LM-C5

Double Deuce

A U.S. Air Force crew ferried the 22nd C-5M Super Galaxy from the Lockheed Martin facilities in Marietta, Ga., Aug. 25. Aircraft 86-0011 was ferried by a crew led by Maj. Gen. Dwyer L. Dennis, Director, Global Reach Programs, O...
 

 
Northrop Grumman photograph

First ever RQ-4 Global Hawk hits 100th flight on NASA mission

Northrop Grumman photograph A historical look at the first Global Hawk (AV1) during its maiden flight over Edwards Air Force Base, Calif., on Feb. 28, 1998. AV1 has made history again with its 100th flight in support of NASA en...
 
 

Northrop Grumman’s CIRCM system completes U.S. Army flight testing

Northrop Grumman’s Common Infrared Countermeasures system recently completed another round of U.S. Army testing by demonstrating its capabilities on a UH-60M Black Hawk helicopter. The flight test was conducted at Redstone Arsenal in Huntsville, Ala., by the Redstone Test Center. The Northrop Grumman CIRCM system was subjected to rigorous conditions over a six-week period, after...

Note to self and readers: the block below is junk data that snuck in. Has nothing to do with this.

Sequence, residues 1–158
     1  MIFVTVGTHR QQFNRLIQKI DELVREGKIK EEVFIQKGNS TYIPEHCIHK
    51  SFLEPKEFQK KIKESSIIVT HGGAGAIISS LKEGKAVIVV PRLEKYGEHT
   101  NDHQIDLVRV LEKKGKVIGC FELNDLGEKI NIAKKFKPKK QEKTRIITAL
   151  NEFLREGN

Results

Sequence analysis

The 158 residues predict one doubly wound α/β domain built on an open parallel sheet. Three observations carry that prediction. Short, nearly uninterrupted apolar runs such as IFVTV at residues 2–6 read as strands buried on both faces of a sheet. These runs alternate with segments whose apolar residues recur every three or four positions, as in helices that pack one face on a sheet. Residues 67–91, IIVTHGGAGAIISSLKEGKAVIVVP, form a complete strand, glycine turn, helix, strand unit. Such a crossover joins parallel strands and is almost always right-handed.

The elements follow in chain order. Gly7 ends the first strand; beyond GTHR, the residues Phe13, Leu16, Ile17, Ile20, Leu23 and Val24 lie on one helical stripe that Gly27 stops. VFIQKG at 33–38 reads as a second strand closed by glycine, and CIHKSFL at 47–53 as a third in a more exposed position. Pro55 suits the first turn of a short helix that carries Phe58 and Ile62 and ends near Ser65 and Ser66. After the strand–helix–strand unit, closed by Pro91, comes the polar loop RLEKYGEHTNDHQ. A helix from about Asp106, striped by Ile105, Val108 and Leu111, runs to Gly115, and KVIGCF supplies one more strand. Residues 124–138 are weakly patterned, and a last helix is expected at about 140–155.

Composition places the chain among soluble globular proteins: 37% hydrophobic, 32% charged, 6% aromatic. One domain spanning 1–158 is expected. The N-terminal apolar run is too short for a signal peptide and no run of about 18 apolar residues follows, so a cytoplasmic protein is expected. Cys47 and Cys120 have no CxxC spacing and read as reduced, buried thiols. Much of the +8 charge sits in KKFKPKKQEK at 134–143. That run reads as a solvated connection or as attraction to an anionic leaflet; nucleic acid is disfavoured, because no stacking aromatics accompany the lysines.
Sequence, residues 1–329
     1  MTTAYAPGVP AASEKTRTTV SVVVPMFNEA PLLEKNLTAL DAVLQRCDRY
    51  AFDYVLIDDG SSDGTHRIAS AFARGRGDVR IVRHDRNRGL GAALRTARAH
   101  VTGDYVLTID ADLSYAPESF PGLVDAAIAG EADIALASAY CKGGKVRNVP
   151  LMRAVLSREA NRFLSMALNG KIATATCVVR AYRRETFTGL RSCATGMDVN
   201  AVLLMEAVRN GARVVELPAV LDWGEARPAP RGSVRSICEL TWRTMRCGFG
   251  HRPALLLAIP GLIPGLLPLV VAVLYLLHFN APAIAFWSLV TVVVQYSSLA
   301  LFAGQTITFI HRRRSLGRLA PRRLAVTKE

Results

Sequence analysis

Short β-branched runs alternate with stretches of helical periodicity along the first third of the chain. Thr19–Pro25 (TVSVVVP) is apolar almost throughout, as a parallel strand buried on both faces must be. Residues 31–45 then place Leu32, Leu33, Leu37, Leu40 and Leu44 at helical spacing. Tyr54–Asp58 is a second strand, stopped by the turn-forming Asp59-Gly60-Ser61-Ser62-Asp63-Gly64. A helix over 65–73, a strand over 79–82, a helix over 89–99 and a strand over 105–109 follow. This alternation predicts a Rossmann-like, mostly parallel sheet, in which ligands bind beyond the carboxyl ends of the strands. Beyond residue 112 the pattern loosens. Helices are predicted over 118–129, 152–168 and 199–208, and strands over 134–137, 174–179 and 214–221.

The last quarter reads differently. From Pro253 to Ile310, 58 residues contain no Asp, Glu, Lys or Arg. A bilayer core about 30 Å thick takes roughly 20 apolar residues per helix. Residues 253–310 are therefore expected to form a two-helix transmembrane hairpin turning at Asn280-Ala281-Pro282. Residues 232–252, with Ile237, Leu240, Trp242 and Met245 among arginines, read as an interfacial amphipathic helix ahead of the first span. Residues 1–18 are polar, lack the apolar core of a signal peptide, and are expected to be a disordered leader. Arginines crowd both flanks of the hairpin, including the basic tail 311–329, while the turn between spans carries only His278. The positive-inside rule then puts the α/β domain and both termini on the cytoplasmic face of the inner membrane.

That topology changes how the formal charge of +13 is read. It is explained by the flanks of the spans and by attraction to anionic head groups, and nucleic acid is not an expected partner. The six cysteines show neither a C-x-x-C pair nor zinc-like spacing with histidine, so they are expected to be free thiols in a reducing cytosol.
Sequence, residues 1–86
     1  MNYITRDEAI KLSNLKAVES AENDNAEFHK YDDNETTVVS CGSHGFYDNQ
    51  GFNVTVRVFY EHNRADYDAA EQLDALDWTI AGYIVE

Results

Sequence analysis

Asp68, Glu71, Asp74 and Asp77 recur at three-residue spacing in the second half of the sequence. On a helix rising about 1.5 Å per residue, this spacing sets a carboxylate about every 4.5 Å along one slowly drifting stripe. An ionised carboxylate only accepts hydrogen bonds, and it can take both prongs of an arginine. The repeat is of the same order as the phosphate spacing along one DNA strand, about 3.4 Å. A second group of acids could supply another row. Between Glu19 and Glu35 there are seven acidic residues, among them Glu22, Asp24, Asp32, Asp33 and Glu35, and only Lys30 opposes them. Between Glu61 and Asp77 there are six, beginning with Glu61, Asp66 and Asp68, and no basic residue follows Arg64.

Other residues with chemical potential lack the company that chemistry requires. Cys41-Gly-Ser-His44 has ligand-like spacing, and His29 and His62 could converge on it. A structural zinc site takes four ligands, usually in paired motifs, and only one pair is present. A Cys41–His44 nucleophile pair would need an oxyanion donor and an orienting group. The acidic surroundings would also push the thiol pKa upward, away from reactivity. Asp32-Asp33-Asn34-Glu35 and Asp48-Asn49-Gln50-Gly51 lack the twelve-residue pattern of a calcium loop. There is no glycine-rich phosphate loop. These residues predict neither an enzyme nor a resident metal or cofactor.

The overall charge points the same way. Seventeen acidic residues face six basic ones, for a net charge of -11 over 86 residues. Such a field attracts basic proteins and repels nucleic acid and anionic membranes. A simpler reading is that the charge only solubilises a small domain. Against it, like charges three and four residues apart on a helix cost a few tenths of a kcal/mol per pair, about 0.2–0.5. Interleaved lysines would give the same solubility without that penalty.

NASA photograph by David Olive

NASA completes successful battery of tests on composite cryotank

https://www.youtube.com/embed/qkGI6JeNY0E?enablejsapi=1&rel=0 NASA photograph by David Olive One of the largest composite cryotanks ever built recently completed a battery of tests at NASA’s Marshall Space Flight Cen...
 




0 Comments


Be the first to comment!


Leave a Reply

Your email address will not be published. Required fields are marked *

You may use these HTML tags and attributes: <a href="" title=""> <abbr title=""> <acronym title=""> <b> <blockquote cite=""> <cite> <code> <del datetime=""> <em> <i> <q cite=""> <strike> <strong>